Once you’ve identified how a capital equipment investment can help your clinic or hospital, there are a few more steps to consider before making a purchase.

First, there’s potentially more to the cost than the price tag alone. Be sure you understand the maintenance frequency and expense, average lifespan, time required to train staff and implement within your practice.

Next, prioritize investments that can enhance your practice through increased efficiency, improved safety, additional animal appointments, and the ability to perform new procedures and/or diagnostics in-house. Most equipment won’t be profitable from day one, but you may find that what seems like a major initial investment will pay off sooner than you expect.

Lastly, consider your financing options. Purchasing it outright with cash on hand or through a lender comes with key advantages. When working with a lender, look for a true financial partner that best fits your needs and has experience working with veterinary professionals. Your lender should also offer customized loan solutions with affordable monthly payments that don’t require personal collateral or have an impact on your credit score.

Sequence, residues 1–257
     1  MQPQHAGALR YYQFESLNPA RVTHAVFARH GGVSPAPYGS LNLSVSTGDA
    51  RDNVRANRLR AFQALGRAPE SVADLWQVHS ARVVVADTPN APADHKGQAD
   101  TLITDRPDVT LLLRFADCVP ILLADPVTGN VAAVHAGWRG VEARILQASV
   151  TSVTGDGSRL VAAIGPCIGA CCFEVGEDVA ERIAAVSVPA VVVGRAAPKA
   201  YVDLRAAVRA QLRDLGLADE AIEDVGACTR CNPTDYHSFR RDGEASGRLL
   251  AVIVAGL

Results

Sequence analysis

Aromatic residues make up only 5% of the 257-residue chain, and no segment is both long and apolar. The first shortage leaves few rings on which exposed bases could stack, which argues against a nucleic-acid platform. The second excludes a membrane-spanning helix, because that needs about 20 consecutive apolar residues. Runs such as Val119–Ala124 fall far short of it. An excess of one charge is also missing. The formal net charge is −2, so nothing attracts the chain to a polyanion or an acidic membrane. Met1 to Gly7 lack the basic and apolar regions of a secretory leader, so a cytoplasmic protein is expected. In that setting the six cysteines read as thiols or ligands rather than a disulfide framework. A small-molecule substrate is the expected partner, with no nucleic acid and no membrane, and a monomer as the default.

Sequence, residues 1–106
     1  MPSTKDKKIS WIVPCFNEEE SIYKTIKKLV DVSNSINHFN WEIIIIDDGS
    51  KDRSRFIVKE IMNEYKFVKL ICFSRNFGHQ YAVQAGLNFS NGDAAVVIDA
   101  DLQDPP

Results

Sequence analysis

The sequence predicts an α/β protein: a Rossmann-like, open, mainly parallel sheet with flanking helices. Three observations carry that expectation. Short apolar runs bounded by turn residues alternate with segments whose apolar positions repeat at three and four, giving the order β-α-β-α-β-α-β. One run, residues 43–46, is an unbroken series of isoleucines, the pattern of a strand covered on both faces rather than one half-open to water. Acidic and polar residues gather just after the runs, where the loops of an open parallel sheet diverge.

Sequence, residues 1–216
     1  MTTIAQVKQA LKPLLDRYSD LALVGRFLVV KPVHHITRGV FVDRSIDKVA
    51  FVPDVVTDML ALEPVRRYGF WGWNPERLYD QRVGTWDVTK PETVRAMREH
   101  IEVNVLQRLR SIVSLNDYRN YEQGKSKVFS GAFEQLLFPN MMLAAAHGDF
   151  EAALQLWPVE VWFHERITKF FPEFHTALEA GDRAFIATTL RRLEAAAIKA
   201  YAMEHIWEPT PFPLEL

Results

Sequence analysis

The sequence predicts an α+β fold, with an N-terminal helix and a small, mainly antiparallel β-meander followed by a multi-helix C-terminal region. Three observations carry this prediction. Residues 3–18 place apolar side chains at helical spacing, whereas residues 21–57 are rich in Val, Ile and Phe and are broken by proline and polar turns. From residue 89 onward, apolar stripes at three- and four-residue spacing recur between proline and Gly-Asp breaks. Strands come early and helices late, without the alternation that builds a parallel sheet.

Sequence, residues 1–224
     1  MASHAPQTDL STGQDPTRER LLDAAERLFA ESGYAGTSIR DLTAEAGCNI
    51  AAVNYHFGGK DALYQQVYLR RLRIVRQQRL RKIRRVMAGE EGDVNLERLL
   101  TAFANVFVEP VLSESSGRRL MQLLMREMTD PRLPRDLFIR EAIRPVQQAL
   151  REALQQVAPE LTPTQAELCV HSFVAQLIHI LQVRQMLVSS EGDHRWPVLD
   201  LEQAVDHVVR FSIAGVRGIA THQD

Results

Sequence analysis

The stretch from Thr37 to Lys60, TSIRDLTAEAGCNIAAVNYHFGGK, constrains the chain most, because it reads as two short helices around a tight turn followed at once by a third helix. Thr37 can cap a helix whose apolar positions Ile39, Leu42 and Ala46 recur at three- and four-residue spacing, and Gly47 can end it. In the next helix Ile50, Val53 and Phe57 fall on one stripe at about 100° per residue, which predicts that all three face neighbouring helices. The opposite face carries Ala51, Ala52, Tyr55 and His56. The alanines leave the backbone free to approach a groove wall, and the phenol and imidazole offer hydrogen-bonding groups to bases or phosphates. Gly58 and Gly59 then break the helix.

Above all, a capital equipment investment has to make financial sense for your practice. Do your research, look closely at the numbers, and make the best decision for your patients and your bottom line. Pets will always need care, and even in a difficult economy, strategic investments in capital equipment can help your practice modernize, offer more services, and attract new patients, while helping you earn more income.

Chris Panebianco is chief marketing officer for Bankers Healthcare Group (BHG), a provider of financial solutions for veterinarians. He is responsible for marketing initiatives to support BHG’s commercial working capital loans, personal financing, commercial and personal credit cards, Small Business Administration (SBA) loans, and collection management. Panebianco has more than 11 years’ experience in financing.